Can you find the river plume in the data?
This section is quite technical. So if you don’t want to trouble the grey cells too much, maybe go to another section.
I spent 25 years measuring the water turbidity (basically how muddy or cloudy the water is). We invented the instruments for doing this over long periods.[i] We mostly measured the turbidity on inshore reefs, and in all that time it was almost impossible to “see” the impact on rivers because the waves, caused by wind, stir up the sea bed and have far more impact on how much mud is in the water than river plumes.
So let’s see some real data to demonstrate te point. You will be asked some questions.
In the top picture below (Figure 1), you can clearly see the river plume in the satellite photo on the reefs of Horshoe Bay on Magnetic Island. There is also a turbid plume seen in the lower picture, but this was in the dry season (no river flow).
The data of turbidity at Horshoe Bay is shown in Figure 2 taken over a period of about 18 months and covers the period when both the pictures in Figure 1 were taken. You will see there are many periods when the turbidity was high – but there was only one flood. So here are the questions.
- What time marked on the data graph (figure 2) was the top satellite picture in Figure 1 taken. A, B, C or D?
- What time marked on the data graph was the lower satellite picture taken. A, B, C, or D?
Top. Satellite image of a river plume from the Burdekin River during a flood (see Orpin and Ridd, 2012 and Cooper et al 2008). Picture taken on 10 February 2007
Bottom Satellite image 12 October 2006. This image, taken during a strong wind event during the dry season, clearly shows the turbid coastal boundary region which extends beyond Magnetic Island.
Figure 2: Water turbidity, light on the seabed, and windspeed for Horseshoe Bay. From Cooper et al. (2008)
- The flood was at the time marked C. But as we will see in the next example, most of this peak is not due to the flood, but rather it is the high wind that came with the flood.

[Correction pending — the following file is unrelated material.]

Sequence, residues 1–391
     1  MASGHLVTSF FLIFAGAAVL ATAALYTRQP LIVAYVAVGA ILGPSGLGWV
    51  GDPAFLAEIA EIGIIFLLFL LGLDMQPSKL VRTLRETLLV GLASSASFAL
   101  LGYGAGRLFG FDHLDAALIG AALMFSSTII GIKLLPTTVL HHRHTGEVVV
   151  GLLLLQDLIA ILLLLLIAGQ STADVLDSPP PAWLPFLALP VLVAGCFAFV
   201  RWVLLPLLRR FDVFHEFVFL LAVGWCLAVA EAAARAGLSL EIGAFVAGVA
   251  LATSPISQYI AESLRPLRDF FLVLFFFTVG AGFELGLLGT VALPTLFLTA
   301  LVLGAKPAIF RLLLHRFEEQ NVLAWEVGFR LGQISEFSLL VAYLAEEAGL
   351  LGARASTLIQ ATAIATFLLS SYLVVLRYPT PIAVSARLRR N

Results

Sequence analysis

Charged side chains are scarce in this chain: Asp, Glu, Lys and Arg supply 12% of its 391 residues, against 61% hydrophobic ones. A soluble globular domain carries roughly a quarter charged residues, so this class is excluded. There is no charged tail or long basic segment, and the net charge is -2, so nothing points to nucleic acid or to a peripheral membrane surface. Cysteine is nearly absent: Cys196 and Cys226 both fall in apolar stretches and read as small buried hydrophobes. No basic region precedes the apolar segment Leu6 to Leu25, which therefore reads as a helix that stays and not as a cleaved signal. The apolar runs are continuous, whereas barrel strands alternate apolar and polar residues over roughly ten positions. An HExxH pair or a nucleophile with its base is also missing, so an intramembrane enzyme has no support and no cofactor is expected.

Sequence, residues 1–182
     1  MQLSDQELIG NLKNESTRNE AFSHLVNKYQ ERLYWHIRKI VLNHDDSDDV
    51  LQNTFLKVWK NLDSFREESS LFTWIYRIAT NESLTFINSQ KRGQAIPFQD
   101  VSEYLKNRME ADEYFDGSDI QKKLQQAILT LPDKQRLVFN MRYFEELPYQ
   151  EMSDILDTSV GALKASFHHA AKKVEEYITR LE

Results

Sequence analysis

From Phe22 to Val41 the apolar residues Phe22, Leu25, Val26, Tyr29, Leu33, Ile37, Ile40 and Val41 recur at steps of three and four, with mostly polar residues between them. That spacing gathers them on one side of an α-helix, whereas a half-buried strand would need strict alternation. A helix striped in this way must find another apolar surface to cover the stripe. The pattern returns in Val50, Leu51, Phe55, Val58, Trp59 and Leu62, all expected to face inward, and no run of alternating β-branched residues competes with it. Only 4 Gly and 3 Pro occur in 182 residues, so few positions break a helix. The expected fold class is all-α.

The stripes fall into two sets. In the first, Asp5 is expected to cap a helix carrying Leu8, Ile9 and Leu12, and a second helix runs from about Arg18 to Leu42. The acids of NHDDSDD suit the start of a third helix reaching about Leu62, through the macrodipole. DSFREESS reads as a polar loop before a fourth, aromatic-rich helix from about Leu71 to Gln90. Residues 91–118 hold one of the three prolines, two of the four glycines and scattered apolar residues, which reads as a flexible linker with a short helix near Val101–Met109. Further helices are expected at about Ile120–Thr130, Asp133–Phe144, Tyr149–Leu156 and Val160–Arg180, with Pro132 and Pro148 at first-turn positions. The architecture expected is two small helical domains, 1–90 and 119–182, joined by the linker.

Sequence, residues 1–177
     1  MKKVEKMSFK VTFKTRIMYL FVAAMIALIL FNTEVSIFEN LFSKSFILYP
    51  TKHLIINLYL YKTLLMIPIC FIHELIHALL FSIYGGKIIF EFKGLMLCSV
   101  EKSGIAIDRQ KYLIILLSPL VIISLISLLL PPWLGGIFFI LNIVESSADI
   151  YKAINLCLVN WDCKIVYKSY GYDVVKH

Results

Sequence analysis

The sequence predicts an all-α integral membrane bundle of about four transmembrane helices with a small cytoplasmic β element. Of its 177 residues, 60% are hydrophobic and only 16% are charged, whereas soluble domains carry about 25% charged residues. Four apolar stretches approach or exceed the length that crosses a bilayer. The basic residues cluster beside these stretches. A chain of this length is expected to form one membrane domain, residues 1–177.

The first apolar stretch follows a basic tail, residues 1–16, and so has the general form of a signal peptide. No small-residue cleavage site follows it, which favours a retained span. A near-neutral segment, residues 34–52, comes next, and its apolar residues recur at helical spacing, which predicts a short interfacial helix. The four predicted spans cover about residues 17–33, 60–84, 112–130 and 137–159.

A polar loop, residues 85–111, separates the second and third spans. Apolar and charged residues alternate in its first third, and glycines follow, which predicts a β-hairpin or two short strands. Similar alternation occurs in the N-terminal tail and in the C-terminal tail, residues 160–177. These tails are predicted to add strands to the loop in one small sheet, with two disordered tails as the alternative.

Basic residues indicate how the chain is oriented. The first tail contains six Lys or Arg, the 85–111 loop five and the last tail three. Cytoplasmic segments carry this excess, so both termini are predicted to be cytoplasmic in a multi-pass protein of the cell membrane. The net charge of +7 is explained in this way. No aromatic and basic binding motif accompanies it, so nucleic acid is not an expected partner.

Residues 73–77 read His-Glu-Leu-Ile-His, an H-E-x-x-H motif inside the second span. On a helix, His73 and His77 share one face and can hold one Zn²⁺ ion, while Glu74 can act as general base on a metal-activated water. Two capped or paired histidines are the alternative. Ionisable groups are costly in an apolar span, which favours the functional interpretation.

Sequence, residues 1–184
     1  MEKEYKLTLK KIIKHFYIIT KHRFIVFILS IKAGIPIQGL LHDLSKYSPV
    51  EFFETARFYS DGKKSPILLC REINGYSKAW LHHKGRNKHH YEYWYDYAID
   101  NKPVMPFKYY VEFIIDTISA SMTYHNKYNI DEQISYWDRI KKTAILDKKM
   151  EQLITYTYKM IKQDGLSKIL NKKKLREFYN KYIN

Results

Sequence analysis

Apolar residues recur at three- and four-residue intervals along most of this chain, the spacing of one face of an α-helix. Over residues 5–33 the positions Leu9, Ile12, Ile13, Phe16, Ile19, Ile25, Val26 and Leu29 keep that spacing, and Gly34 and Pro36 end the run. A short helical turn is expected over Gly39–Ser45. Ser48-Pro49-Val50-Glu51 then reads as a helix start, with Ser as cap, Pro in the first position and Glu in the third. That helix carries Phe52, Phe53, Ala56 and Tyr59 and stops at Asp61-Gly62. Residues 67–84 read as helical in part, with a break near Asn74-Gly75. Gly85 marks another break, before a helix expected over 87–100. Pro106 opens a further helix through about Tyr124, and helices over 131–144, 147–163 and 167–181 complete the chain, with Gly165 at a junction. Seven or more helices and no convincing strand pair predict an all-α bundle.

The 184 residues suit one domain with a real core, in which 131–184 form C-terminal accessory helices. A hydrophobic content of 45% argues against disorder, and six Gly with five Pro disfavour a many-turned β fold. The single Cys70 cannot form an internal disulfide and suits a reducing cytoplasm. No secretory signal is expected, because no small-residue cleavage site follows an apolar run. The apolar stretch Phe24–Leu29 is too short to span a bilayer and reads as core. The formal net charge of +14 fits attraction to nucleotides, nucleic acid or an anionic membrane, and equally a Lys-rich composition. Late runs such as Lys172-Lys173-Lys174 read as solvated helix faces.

Notice that when the wind gets above about 7.5 m/s (roughly 30 km/hr or 15 knots) the water turbidity goes up, and the amount of light reaching the coral goes down.
At time A, a cyclone crossed the coast 150 km to the north of Horseshoe Bay. The waves generated by the cyclone reached Horseshoe Bay raising the turbidity. There was no flood at B or D but there were strong South Easterly Trade winds at those times. There are many peaks of turbidity in this data corresponding to periods of strong winds.
- The lower satellite picture was at taken at time B – in the dry season (12th October). Conditions similar to this occur extremely regularly.
Let’s now have a very close look at the turbidity peak at time C which is around the time the flood occurred. Remember floods are caused by major weather events often lasting a week or more. Heavy rain is often associated with strong winds, and strong winds make waves, which stir up the seabed causing high water turbidity. So the strong wind can cause both floods and high turbidity – but it is not necessarily true that high turbidity is caused by the floods.
Three questions from figure 3 below.
- When did the river level start to rise? X, Y or Z?
- When was the picture of the flood in Figure 1 (upper) taken? X, Y or Z?
- When did the peak of the flood occur? X, Y or Z?
The answers are
- X. (see figure 4). The flood had only just begun at the time when the turbidity already reached its initial peak. The turbidity had been rising for two days prior to the flood because the wind was getting stronger (figure 4)
- Z. The picture was taken after the water turbidity had returned to very low levels and when the wind had dropped below 7.5 m/s. The water in the picture still looks discoloured mostly due to phytoplankton in the water. There was very little sediment or mud in the water. But the water would have been heavily muddy brown a couple of days earlier when the wind was strong. But there is almost always heavy cloud when the wind is strong and satellite/aerial pictures are not possible to take.
- Y. The flood peak (figure 4) did not occur until four days after the period of high turbidity started. The flood level slowly dropped, but even by time Z, there was still a huge flow in the river – but very low turbidity.
Conclusion: The flood water had only a very minor effect on water turbidity at Horseshoe Bay. The wind caused high waves which caused high turbidity. The turbidity rose well before the flood, and the turbidity fell well before the flood finished.
And this is for a fringing reef close to shore. For the GBR – far offshore – there was totally negligible impact from the flood.
Figure 3: Turbidity and wind speed around the time of the picture taken in Figure 3.
Figure 4: Water turbidity and Burdekin River water level at Inkerman Bridge. At water levels less than about 1.3 m, the Burdekin River has effectively stopped flowing.
[i] Ridd, P. V., and Larcombe, P. (1994). Biofouling control for optical
backscatter suspended sediment sensors. Marine Geology 116, 255–258.